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Ho Chi Minh

Ho Chi Minh
Ho Chi Minh (Ho the Most Enlightened) (1890–1969) became a world figure after the Second World War, during Vietnam’s long struggle for independence from France. The first president of the Democratic Republic of Vietnam (DRV), which declared its independence in September 1945, Ho attained his greatest renown in the 1960s, during the DRV’s war against the United States for control of southern Vietnam. Yet by the end of 1963 he had become a largely symbolic leader, whose role in day-to-day decision making had ended. In a world of Communist strong men and tyrants, Ho was an excep­ tion: his moral authority did not give him any more power than his single vote in the politburo. The limi­ tations on his power have only become clear in recent years, however, as fresh archival research has revealed the extent to which his leadership was contested within his own Communist Party. Ho’s political ideas were mainly shaped in the twenty years between 1907 and 1927, the period from his ado­ lescent years in the Nguyen dynasty’s capital of Hue to his flight from China following Chiang Kai-shek’s coup against the Communists in the United Front. He was born as Nguyen Sinh Cung in 1892 or 1893, according to French sources, in the rugged north-central province of Nghe An. While his years as a sailor and laborer have been strongly emphasized in official biographies, Ho was in fact the son of a successful mandarin, who by 1901 had passed the second-highest examination in the realm to become a teacher of Chinese in Hue. Ho’s father did not engage openly in anticolonial activity, but the first decade of the 20th century was a time of ferment in his milieu, which could not have failed to affect him and his family. The French had removed all real power from
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the mandarinate in 1898, and scholars such as Phan Chu Trinh, a contemporary of Ho’s father, were refus­ ing employment in the corrupt shell of the mandarin system. These scholars started a movement to encour­ age Western education and indigenous manufacturing. (Young Vietnamese men, Ho Chi Minh included, had until then studied the Chinese classics alone.) Another scholar from Ho’s own district in Nghe An, Phan Boi Chau, started the Dong Du (Eastern Travel) movement in 1906, which encouraged promising young men to join him in Japan to receive a modern education and military training. In 1908 when an anti-tax campaign broke out in central Vietnam, the French blamed the modernizing scholars and arrested a number of them. French troops responded to a peaceful demonstration in Hue by shoot­ ing into the crowd. Ho Chi Minh, around fifteen at the time, witnessed this violence, and it would mark him for many years. Ho’s father became a district mandarin in 1909, but an accusation of violence against a prisoner in his juris­ diction, which he contested, led to his demotion. This change in his father’s fortune forced Ho to withdraw from the prestigious National Studies School in Hue, where he was continuing his education in French and quoc ngu, the romanized Vietnamese script. His with­ drawal marked the end of his formal education, unless one counts his studies in the Comintern’s institutes in Moscow. In 1911 both he and his father made their way to Saigon, from where Ho sailed for France. In view of what we now know of Ho’s family connections to Phan Chu Trinh and Phan Boi Chau, we can surmise that Ho was being sent abroad to receive a Western education that would prepare him to play a role in Vietnam’s strug­ gle for independence. After working as a shipboard cook for over a year, and having failed to gain admission to a French academy that trained the sons of “high” mandarins, Ho turned up in London in 1913 or 1914, where he worked at odd jobs and studied English. He remained in London until the end of 1916, then returned to France to consult his colleagues on the future path of the independence movement. From then until the middle of 1919, when he appeared in Paris for the Peace Conference at the close of the First World War, his movements are uncertain. But there are indications in the French and Russian archives that in 1917–18 he lived in the United States, where he heard Marcus Garvey speak in Harlem and consulted Korean independence activists. When he turned up in Paris, he began circulating a petition with the “Demands of the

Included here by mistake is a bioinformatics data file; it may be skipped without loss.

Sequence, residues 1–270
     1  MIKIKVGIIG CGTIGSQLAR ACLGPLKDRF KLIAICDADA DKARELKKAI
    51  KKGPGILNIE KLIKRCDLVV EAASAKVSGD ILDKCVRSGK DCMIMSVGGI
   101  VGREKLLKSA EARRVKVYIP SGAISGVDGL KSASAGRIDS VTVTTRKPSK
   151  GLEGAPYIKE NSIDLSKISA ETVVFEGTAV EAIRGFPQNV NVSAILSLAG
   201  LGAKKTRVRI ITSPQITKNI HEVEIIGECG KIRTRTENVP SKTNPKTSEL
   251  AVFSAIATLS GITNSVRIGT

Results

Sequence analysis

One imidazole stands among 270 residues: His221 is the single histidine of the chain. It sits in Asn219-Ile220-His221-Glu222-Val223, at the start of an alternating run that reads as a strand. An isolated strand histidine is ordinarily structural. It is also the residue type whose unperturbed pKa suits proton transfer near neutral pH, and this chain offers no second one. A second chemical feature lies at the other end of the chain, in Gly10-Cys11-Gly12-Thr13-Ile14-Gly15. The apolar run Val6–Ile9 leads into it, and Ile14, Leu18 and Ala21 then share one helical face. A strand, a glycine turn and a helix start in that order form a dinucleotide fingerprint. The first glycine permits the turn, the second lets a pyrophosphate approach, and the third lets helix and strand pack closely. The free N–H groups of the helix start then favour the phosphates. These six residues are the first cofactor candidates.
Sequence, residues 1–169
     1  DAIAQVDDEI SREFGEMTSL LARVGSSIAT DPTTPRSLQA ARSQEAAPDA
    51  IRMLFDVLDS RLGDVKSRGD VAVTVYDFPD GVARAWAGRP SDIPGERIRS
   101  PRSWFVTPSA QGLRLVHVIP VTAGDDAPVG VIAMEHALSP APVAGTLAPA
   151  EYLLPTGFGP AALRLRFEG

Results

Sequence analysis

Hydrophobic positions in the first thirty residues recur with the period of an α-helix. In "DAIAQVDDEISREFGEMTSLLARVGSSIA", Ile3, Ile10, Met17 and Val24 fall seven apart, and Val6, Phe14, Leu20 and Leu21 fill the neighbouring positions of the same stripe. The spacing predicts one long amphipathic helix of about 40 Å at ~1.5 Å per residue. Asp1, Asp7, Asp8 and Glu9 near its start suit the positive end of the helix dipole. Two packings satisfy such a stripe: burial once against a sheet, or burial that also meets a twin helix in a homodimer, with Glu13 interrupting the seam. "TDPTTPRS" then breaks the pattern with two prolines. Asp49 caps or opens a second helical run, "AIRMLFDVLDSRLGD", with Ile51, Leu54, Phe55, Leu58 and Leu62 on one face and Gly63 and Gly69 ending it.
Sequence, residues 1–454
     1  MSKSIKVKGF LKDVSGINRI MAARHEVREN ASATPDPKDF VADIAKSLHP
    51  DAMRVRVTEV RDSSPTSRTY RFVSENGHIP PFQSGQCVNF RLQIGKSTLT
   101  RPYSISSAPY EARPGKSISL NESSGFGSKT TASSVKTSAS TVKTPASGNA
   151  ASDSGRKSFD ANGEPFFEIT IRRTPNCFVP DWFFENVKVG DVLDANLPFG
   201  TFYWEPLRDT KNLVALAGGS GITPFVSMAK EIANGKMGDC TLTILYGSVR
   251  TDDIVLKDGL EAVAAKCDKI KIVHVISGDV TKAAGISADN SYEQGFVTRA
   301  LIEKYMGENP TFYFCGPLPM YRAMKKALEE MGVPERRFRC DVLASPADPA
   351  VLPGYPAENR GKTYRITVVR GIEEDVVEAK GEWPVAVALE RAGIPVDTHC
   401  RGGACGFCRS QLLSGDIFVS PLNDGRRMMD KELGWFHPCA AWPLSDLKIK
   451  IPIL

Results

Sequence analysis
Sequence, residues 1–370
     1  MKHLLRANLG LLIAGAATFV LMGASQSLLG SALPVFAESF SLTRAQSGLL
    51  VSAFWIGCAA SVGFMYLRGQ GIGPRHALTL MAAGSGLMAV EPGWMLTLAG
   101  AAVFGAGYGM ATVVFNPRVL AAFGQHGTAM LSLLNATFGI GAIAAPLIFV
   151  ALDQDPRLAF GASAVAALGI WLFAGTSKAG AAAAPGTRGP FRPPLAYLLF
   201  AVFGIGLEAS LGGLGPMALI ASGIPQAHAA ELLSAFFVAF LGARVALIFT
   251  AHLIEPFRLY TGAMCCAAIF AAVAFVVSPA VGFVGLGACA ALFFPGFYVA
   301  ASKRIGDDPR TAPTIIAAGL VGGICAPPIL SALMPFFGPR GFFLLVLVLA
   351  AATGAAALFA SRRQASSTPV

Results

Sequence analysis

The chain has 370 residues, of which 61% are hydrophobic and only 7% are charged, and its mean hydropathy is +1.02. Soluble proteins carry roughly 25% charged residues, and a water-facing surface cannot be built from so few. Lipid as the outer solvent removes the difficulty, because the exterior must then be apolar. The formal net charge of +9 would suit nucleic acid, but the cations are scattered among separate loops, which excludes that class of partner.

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Ho Chi Minh